Hockey fans are eagerly awaiting two matchups in the Stanley Cup playoffs. One, of course, would be a climactic encounter between the Montreal Canadiens and New York Islanders. The other starts tonight in Philadlphia, between the Flyers and the New York Rangers.
The catalyst in this dream series is Fred Shero, winding up his first season as boss of the Rangers after seven years in Philadelphia that included the only two Stanley Cup titles achieved by an expansion team.
Shero quit the Flyers in May, citing a lack of enthusiasm for hockey. Two weeks later, his enthausiasm returned and he moved to New York, where there has been no problem psyching up players and fans for each battle with the Flyers.
In the clubs' first exhibition, the Rangers went into Philadelphia and were thumped, 8-2. A few nights later, in New York, the teams thumped each other for 25 minutes, resulting in 12 ejections, $5,200 in fines and those time-honored warning that the NHL will not stand for such actions.
Once the regular season started, the confrontations included Ranger Carol Vadnals' spearing of Flyer Paul Holmgren, with a subsequent Holmgren two-hander over the head leading to a six-game suspension and more league recriminations.
In eight regular-season meetings, the Flyers won three, with three others tied. Both Ranger victories came in Philadelphia, as New York three times was unable to hold huge leads in Madison Square Garden.
In the teams' last regular-season duel, in Philadelphia on April 1, the Flyers breezed, 7-3, to virtually assure the extra home game, for what it is worht, in this series.
Ranger goalie John Davidson was superb in two preliminary victories over Los Angeles, but there is something about those Flyer uniforms that turns him to jelly. The Flyers, without Bernie Parent, are erratic in the nets and have no hope of regaining the Cup, but they should win this series.
The last time the teams met in a playoff, the Flyers prevailed in a seven-game semifinal in 1974, before beating Boston for their first Cup triumph. In the process, a Bobby Clarke elbow shattered the jaw fo New York's Walter Tkaczuk. His series, with all the fallout from Shero's switch, should be equally exciting and, despite those NHL protestations, probably as violent.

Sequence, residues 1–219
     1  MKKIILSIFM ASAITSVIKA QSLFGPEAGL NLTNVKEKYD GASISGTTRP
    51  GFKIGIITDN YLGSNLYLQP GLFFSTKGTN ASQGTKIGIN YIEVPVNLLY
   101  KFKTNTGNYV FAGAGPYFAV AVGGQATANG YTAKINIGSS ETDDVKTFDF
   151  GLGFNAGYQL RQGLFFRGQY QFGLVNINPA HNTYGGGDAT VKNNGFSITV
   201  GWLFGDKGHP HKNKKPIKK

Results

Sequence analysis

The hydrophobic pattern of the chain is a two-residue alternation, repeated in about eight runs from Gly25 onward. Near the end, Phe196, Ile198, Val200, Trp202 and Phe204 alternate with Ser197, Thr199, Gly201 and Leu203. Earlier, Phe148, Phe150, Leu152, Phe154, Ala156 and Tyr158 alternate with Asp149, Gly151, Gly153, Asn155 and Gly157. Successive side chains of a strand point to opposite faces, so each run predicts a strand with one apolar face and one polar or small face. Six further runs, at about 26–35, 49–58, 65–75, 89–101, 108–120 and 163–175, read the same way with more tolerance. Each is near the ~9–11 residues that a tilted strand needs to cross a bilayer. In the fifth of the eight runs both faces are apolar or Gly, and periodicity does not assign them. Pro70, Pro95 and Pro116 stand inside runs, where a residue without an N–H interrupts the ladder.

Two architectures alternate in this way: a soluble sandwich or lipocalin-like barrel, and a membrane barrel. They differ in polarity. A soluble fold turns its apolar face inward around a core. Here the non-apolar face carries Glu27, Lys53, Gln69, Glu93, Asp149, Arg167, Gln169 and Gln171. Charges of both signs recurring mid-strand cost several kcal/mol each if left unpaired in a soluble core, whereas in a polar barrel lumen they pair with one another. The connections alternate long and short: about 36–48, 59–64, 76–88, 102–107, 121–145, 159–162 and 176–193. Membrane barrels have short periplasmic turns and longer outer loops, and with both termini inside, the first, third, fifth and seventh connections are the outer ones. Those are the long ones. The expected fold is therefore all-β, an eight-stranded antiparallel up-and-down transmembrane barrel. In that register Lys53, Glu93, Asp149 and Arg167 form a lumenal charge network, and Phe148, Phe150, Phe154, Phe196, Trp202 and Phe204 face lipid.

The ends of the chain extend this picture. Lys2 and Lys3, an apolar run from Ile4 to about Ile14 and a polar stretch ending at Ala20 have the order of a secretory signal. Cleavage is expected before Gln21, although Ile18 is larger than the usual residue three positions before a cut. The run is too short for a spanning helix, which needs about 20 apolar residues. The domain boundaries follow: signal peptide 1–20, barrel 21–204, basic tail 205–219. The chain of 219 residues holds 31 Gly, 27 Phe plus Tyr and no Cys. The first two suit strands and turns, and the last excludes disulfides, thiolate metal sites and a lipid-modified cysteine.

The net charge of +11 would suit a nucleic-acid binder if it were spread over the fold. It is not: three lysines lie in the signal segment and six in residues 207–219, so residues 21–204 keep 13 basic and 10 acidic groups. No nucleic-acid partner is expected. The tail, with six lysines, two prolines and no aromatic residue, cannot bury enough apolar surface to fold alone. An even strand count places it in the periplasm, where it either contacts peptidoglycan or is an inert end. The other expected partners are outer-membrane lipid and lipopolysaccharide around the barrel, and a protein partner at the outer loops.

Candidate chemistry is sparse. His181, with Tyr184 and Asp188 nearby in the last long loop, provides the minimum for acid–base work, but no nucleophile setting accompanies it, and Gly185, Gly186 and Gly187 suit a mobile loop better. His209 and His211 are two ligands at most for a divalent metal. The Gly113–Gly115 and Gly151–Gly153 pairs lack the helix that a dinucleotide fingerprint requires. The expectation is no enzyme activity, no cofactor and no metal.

Fans with keen ears and good radio reception can follow the action on 610 or 1130.
The other quarterfinal series, all best of seven, shape up like this:
Chicago at New York Islanders
The Hawks have a great goaltender in Tony Esposito and he is capable of stealing a game or two. There is no way Chicago can win four from the powerful Islanders, although it was able to take two of five during the regular season.
Both teams have enjoyed a week's layoff, earning preliminary-round byes as division champions. Chicago, the Smythe winner, would not have placed fourth in the Islanders' tough Patrick company, however, and it can hope for no more than to break its record string of 12 playoff defeats, dating back to 1975.
Toronto at Montreal
The Maple leafs have not beaten Montreal in their last 16 games, including a semifinal sweep a year ago. That series provided Canadian fans with the first postseason matchup of the teams since 1967 and here they are again, with Toronto somehow hoping to equal it s1978 quarterfinal success against the Islanders.
The Leafs swept Atlandta in the preliminary round, but if Coach Roger Neilson's job truly depends on toronto reaching the final, he had best start filling out some applications for work. Although the Canadiens have slipped a bit, they have too much depth for Toronto.
Radio: Rest your college French on 690. If you're an Anglohone, spin the dial and hope for something besides static.
Pittsburgh at Boston
On the Penguins' last visit to Bost Garden, they posted a 3-1 victory that raised their overall record in that pit (forgive the pun, it's been a long season) to 2-27-2. The previous success came on Jan. 28, 1968.
Pittsburgh took the season series, 2-1-1, and has been a potent club through the second half of the season, save for that last waltz at Capital Centre April 8. Randy Carlyle and George Ferguson, two acquisitions from Toronto, have been outstanding and goalie Denis Herron held off hot-shooting Buffalo in the preliminary round.
Boston was delighted to see the Penguins oust Buffalo, a team it could not handle. Pittsburgh will not be easily handled, but that week's rest has helped the Bruins considerably, especially defenseman Brad Park, who was virtually immobile at regular season's end. Boston should make it to the semifinals, no farther.
Radio: 1020, if the Pirates aren't playing.